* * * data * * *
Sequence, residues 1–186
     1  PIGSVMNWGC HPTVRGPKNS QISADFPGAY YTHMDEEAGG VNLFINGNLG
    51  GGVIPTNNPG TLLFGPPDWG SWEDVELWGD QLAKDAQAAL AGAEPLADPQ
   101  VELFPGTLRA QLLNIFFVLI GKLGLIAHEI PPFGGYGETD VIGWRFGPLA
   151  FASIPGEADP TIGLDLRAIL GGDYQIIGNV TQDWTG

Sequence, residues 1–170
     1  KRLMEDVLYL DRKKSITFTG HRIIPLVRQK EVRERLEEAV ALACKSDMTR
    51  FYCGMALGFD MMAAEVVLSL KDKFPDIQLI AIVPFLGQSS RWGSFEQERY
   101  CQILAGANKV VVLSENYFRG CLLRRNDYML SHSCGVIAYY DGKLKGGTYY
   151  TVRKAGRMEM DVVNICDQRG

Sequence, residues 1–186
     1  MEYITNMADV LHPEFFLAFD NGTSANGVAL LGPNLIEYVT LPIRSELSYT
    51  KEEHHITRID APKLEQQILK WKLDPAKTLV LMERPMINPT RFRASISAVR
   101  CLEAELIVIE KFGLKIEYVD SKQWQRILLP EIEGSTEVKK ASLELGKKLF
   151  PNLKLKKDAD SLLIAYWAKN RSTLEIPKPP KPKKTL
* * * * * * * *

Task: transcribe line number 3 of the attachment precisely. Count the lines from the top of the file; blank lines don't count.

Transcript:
    51  GGVIPTNNPG TLLFGPPDWG SWEDVELWGD QLAKDAQAAL AGAEPLADPQ